Describing the Elements

When all prerequisites are fulfilled a simple python script can set a pin of my choice to either low or high by activating the internal pull-up (or pull-down) resistors. In the following example GPIO pin 25 is chosen (remind: GPIO pin 25 equals pin 22 physically on the plug and equals the official name GPIO 6!), it's turned into direction IN and the pull-up resistor is activated:

#!/usr/bin/python
import RPi.GPIO as GPIO
 
GPIO.setmode(GPIO.BCM)
GPIO.setup(25, GPIO.IN, pull_up_down=GPIO.PUD_UP)

The intention here is to permanently pull the pin to a high level, so whenever something will turn this pin to ground, the interrupt shall be triggert at a later point.

Probably also the mode should be explained, here GPIO.BCM is used. The GPIO.BCM option means that the setup is referring to the pins by the “Broadcom SOC channel” number, these are the numbers of the “GPIO” and not the physical PIN numbers.

The alternative GPIO.BOARD option specifies that the setup is referring to the pins by the number of the pin of the plug - i.e the numbers printed on the board (e.g. P1).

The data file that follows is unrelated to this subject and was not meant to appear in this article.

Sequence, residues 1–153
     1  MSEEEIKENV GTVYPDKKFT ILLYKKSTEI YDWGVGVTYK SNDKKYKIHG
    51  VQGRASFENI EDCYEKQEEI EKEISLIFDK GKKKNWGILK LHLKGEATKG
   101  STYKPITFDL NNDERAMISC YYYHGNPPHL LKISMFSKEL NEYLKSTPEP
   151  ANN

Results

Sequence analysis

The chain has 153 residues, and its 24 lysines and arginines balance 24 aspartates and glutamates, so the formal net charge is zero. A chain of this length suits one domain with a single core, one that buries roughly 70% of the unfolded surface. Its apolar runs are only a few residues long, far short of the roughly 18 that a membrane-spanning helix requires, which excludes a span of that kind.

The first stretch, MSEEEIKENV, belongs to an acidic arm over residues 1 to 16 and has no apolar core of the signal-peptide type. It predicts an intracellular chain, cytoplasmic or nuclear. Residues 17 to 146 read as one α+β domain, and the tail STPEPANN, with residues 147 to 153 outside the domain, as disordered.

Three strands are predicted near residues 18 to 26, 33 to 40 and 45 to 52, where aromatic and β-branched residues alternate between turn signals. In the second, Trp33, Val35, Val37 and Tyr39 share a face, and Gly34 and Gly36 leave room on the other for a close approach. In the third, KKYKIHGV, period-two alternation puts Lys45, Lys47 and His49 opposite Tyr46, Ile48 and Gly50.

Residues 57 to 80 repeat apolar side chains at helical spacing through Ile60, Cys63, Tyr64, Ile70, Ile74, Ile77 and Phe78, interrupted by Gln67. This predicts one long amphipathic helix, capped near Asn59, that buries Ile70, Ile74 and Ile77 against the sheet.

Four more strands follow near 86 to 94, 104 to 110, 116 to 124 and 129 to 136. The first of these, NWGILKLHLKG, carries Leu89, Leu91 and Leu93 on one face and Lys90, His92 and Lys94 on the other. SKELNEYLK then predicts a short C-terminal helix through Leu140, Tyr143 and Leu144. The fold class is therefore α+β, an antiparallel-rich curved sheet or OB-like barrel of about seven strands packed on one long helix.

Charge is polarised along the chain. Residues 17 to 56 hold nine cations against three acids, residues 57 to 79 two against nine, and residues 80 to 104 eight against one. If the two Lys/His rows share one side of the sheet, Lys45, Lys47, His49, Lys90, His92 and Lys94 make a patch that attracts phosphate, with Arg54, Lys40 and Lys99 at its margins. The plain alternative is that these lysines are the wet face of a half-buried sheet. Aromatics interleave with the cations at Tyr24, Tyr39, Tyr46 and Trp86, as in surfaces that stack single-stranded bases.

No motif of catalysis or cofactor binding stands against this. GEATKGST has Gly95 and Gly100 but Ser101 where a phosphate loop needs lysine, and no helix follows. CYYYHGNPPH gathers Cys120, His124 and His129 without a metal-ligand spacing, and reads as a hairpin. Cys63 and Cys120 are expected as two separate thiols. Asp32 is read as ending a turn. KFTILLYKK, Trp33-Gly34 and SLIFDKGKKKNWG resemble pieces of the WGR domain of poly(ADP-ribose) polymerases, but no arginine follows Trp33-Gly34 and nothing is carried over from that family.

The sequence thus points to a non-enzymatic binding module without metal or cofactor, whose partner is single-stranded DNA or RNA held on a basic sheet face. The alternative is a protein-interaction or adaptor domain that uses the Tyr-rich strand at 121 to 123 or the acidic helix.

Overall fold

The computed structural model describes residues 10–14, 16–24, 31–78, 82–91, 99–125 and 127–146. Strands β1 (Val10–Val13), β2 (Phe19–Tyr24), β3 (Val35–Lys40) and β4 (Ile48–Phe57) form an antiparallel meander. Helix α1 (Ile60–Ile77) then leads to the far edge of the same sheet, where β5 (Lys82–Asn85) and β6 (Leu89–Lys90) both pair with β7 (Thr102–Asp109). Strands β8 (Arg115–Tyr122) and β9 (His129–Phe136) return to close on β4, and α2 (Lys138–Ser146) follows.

In a next step, a function has to be created, which is triggered, whenever an interrupt is released and in addition an eventhandler has to be activated, that is watching for falling signals:

# Interrupt Routine, beeing called, when interrupt happens
def interrupt_routine(callback):
    print "Interrupt triggered"
    #put your code here
 
 
# Init Interrupt-Callback-Function
GPIO.add_event_detect(25, GPIO.FALLING, callback=interrupt_routine)

The observed pin 25 is currently on high, as the internal pull-up resistor is activated. Whenever this pin is turned to ground there is a falling slope from high to low. Whenever this happens, the interrupt routine “interrupt_routine” is called.